From the issue dated May 11, 2007
The Chronicle of Higher Education
By RICHARD MONASTERSKY
According to some advocates, an epidemic of autism is attacking young children and the government has been woefully negligent in dealing with it. But many epidemiologists dismiss the evidence used to support the idea of an epidemic. The debate has grown so ugly that researchers say they are being threatened if they question evidence of an upsurge in autism.
At a recent meeting held by the National Academies' Institute of Medicine, Laura Bono, a board member of the National Autism Association, sounded the alarm. "This epidemic will cost society close to $2-trillion," she said. She also demanded that the government "declare autism a national health emergency."
Some groups of parents of children with autism argue that vaccines are to blame for the rising numbers of people diagnosed with the disorder. "There is a growing body of evidence implicating vaccine overload, mercury and aluminum from vaccines," said Ms. Bono at the meeting. "Thousands of parents agree with this research. They watched their children regress after being vaccinated."
Next month a court hearing will look at the vaccine question. Some 4,800 petitioners representing people with autism are suing the federal government, alleging that mercury-containing vaccines are to blame for their relatives' disorders.
One piece of evidence used to support the vaccine theory has been a rapid rise in the numbers of people diagnosed with autism. Special-education data for the United States, for example, show a 525-percent increase in the number of children classified in the autism category between 1994 and 2004.
But those numbers, taken on their own, can be deceiving, say epidemiologists. Paul T. Shattuck, a postdoctoral fellow at the University of Wisconsin at Madison, published a paper in Pediatrics last year that examined the increasing autism numbers. The year 1994 was unusual, he says, because it was the first year that all states used the new autism category in special education, a classification required by a 1990 federal law.
Anytime a new category is introduced, it takes time for that system to be adopted, he says. For example, the numbers of children classified with traumatic brain injury and developmental disability also increased in the years after they were included in states' special-education categories. Mr. Shattuck and his colleagues found that as autism rates rose, the prevalence of mental retardation and learning disabilities declined by roughly the same amount in the special-education data.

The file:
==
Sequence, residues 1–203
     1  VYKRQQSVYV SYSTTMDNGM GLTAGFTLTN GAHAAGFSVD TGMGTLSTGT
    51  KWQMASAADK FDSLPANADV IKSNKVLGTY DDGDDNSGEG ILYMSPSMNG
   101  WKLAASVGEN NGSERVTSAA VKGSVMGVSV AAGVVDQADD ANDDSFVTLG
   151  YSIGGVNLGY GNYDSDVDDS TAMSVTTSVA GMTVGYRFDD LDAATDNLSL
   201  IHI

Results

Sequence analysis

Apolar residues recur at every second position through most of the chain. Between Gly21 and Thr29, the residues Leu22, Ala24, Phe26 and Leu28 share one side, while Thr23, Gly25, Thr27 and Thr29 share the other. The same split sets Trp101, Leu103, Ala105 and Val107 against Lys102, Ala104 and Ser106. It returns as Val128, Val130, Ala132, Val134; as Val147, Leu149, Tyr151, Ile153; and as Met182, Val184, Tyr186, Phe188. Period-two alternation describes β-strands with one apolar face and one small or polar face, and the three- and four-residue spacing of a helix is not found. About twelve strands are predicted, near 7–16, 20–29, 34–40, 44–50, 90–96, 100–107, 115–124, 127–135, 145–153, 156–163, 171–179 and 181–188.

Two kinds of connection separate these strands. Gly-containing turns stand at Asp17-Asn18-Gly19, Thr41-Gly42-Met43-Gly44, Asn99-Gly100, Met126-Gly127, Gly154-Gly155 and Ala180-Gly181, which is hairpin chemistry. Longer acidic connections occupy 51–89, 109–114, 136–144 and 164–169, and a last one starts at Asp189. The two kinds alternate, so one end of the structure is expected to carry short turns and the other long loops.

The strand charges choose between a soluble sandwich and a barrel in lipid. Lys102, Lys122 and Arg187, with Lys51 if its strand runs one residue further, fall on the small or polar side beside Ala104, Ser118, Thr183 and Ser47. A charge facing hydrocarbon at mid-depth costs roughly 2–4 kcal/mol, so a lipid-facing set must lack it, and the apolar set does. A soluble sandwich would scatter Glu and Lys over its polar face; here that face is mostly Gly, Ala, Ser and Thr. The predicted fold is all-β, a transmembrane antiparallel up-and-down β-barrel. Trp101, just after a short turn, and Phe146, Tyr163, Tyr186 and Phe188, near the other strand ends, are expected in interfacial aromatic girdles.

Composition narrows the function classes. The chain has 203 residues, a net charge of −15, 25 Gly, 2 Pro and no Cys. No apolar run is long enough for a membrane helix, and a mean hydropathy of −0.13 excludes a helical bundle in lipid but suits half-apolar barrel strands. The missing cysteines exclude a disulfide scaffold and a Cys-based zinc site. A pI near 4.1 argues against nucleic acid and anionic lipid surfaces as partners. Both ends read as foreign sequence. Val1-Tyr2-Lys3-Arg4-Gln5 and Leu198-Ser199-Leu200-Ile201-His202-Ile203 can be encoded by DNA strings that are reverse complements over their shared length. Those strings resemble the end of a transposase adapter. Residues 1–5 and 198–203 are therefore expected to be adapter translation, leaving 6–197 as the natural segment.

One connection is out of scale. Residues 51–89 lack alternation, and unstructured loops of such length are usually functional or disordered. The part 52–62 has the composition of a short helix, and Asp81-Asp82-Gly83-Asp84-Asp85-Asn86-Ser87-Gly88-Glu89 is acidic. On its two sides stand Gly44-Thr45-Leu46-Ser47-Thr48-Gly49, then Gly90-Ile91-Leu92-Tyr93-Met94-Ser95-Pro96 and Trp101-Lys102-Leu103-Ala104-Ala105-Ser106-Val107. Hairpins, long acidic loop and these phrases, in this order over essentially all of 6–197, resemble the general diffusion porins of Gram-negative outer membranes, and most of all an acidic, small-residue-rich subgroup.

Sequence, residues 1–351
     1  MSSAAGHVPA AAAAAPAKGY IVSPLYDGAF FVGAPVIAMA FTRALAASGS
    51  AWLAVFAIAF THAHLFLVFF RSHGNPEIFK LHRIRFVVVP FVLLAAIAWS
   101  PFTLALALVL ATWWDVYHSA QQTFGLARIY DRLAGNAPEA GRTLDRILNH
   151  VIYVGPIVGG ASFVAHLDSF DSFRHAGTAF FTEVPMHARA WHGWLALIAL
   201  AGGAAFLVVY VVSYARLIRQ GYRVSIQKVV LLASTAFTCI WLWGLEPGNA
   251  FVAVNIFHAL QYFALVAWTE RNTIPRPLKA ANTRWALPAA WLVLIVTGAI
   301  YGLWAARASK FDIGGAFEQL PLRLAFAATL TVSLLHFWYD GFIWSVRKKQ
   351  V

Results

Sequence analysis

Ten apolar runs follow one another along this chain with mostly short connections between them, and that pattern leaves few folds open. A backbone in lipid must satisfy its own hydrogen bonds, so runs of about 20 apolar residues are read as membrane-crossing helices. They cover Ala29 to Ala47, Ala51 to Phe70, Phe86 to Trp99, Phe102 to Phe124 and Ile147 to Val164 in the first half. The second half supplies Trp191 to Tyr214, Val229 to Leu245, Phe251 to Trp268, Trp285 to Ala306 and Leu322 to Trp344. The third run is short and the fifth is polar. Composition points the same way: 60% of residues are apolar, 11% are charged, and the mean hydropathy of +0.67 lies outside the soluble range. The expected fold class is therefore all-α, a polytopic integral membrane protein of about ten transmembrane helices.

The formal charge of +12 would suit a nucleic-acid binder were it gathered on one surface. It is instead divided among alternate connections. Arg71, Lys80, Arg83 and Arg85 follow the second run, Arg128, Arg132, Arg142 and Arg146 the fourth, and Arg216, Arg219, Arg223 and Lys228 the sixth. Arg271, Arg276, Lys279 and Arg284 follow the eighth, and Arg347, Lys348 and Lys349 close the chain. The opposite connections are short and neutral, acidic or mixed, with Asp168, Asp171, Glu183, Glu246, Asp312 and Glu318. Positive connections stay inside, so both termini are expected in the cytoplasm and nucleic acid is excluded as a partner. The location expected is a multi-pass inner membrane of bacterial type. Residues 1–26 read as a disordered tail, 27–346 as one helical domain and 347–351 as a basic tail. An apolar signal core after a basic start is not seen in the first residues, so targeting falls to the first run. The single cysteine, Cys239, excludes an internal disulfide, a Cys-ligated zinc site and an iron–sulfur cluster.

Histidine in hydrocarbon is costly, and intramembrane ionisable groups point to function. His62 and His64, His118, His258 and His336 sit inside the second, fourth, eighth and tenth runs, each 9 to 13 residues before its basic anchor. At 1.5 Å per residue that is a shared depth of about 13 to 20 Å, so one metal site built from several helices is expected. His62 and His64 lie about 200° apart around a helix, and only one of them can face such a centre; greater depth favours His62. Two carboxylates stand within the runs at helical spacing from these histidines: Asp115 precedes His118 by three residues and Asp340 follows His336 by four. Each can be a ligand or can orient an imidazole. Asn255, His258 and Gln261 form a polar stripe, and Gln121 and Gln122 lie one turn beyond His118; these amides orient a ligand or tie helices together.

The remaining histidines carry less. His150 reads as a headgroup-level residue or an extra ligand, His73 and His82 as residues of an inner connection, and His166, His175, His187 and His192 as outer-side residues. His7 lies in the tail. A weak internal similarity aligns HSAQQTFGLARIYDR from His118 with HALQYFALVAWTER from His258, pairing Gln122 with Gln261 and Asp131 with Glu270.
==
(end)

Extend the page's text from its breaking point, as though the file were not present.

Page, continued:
Such trends suggest that states were using the new autism category to classify children who would formerly have been included in the mental-retardation or learning-disabled groupings.
"We can't use special-ed trends to validly argue that there is or isn't an epidemic," says Mr. Shattuck.
Debating the Data
In his new book, Unstrange Minds: Remapping the World of Autism (Basic Books), Roy Richard Grinker, a professor of anthropology at George Washington University, argues that many factors have conspired to give the false impression of an epidemic. Psychiatrists have broadened the diagnosis of autism to include more people; society now recognizes the disorder more readily, so children are getting diagnosed more often and at younger ages; and there are more child psychiatrists who are familiar with and can diagnose the disorder.
"I use the analogy of a perfect storm," he says. "All of these factors coming together and acting together to give us a situation that feels in your gut like an epidemic."
Craig J. Newschaffer, a professor of public health at Drexel University, has studied the autism data, and he agrees that diagnostic changes and recognition are contributing to the rising rates, but he can't rule out the possibility of a true epidemic.
"I spent a lot of time looking at the evidence for both sides, and my feeling as an epidemiologist is that I don't have enough evidence on either side to say conclusively it's one way or the other." The data are simply not good enough to answer the question, he says.
Many advocates have pressed the question of an epidemic because it would offer some support for the idea that an environmental factor is causing more cases of autism than in the past. A study by the Institute of Medicine concluded in 2004 that there was no compelling evidence to link mercury-containing vaccines to the rising rates of autism, but researchers agreed at the conference last month that the government should focus more on examining a broad array of potential environmental factors that could contribute to autism, especially in people with a genetic predisposition.
In recent years, some researchers say they have received threats if their work questions the reality of an epidemic or a connection between vaccines and autism. An editorial this month in Nature Neuroscience says that people who oppose the mercury-autism hypothesis "have been harassed with repeated calls."
After Mr. Shattuck's paper last year, he received "a half-dozen phone messages on my answering machine that were either vaguely or specifically physically threatening," he said.
One person said, "Don't be surprised if you get a knock on your door in the middle of the night and I'll be there." Another message said it was easy in the age of the Internet to find out where people live.
"Nothing ever came of it, but it was nerve-racking," he says. "I have a family and a young child."
Section: Research & Publishing
Volume 53, Issue 36, Page A26
Copyright © 2007 by The Chronicle of Higher Education